VIRGINIA — Her father says her murder has all the hallmarks of a hate crime. Police and prosecutors say it was road rage, not religion, that spurred the deadly attack on the Muslim teen.
Nabra Hassanen was beaten to death with a baseball bat — and her body thrown into a pond — by a man who police say got into an argument with her and her friend as they headed back to a mosque in Virginia.
Thousands have signed a petition calling on state and federal officials to investigate the 17-year-old’s death as a hate crime. But the case, like others before, highlights how challenging it is to apply that label and the narrow criteria it needs to meet.
First, let’s consider what’s a hate crime?
Virginia law defines a hate crime, in part, as a criminal act committed with the intention of instilling fear in someone because of his or her race, religion or ethnic origin. The FBI’s definition is a little broader — it takes into account the same intent but also includes disability, sexual orientation, ethnicity, gender, or gender identity.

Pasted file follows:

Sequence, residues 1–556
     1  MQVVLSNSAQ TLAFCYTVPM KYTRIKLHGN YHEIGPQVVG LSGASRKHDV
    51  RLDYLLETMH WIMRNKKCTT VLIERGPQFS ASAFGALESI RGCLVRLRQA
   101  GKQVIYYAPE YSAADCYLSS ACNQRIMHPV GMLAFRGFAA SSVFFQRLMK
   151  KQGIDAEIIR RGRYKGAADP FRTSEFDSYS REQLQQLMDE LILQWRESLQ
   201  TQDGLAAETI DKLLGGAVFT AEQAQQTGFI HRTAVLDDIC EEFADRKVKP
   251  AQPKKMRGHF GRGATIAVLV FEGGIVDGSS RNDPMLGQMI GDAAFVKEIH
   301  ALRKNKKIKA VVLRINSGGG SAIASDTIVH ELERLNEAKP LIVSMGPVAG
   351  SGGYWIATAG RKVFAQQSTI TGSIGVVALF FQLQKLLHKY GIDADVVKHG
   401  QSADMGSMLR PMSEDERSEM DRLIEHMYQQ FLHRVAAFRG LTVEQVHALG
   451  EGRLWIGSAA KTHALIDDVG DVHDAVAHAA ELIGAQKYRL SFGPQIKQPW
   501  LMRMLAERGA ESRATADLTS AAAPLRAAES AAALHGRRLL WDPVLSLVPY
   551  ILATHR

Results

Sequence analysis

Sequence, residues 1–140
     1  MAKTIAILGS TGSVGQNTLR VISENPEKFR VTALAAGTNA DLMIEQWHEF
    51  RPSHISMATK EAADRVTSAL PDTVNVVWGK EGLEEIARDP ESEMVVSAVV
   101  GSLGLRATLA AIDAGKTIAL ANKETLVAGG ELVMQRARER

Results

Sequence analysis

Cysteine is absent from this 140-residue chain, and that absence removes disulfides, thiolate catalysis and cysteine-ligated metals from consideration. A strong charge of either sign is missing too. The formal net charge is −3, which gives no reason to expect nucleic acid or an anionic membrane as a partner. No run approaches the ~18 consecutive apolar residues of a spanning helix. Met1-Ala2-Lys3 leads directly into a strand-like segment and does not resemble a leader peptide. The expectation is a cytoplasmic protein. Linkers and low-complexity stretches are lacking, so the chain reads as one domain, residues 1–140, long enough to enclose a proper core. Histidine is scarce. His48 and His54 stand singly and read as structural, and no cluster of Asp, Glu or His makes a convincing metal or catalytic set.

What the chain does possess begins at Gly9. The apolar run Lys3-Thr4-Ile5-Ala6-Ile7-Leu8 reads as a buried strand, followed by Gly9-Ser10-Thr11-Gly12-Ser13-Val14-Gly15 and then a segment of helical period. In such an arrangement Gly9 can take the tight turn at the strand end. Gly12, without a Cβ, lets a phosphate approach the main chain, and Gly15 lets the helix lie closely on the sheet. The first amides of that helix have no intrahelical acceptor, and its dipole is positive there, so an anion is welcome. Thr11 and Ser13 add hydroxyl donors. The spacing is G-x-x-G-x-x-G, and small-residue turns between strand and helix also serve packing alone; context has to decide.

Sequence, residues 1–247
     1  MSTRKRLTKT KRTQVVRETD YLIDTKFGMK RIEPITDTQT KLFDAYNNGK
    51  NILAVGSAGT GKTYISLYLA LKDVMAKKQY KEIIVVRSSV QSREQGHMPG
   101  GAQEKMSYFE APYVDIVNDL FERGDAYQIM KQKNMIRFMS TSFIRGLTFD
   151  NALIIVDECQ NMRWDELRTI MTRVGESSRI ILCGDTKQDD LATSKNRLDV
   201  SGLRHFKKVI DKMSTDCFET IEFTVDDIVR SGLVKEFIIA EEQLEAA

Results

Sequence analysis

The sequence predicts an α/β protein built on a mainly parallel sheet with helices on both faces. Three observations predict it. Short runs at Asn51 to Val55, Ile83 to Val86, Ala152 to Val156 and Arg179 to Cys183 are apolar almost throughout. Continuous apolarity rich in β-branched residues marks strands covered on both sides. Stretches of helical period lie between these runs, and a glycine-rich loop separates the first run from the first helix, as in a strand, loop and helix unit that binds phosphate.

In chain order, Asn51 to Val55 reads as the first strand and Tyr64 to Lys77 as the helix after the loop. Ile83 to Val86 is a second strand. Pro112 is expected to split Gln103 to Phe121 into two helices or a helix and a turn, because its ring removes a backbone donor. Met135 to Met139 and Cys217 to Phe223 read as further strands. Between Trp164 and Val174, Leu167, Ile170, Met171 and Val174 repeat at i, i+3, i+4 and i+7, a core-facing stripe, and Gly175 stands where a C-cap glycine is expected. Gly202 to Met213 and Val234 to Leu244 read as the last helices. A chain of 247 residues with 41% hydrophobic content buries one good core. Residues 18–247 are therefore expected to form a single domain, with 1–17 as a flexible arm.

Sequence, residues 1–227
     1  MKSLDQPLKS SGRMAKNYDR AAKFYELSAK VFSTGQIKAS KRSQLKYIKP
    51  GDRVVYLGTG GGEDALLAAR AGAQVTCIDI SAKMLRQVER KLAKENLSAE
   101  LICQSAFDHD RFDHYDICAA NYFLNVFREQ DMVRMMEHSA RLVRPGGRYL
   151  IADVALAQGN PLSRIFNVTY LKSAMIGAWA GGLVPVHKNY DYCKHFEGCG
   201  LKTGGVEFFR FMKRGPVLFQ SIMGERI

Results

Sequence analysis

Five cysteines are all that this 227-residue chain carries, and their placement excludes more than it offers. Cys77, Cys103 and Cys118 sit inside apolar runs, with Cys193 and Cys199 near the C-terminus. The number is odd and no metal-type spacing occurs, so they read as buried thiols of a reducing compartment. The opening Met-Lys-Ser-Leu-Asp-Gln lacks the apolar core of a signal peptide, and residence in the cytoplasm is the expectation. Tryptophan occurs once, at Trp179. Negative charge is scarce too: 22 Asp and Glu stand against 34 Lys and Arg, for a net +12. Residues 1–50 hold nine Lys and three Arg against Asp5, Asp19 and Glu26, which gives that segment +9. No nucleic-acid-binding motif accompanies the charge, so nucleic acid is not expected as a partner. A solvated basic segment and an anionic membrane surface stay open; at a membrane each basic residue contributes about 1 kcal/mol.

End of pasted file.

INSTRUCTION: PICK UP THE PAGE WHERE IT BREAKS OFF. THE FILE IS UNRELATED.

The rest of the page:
The commonality is this: For a crime to be a hate crime, it has to strike at the heart of one’s identity.
“They strike at our sense of self, our sense of belonging,” then-FBI Director James Comey said in a speech to the Anti-Defamation League in 2014. “The end result is loss: loss of trust, loss of dignity and, in the worst case, loss of life.”
Why do Nabra’s parents say it’s a hate crime?
People commit hate crimes, experts say, for four main reasons:
They’re seeking a thrill They’re “defending” their turf, which can be a neighborhood, a religion or a country They’re seeking revenge They consider themselves “crusaders,” often for a racial or religious cause.
Nabra’s father, Mahmoud Hassanen, says the teen’s murder qualifies because it was motivated by racism. “Getting killed because she’s Muslim,” he told CNN. Nabra was wearing an abaya, a traditional black cloak, and walking back to her mosque with her friends early Sunday morning when the suspect accosted her.
Why do police say it’s not?
Because “nothing indicates that the crime was motivated by hate or bias,” says Tawny Wright, a spokeswoman with Fairfax Police Department.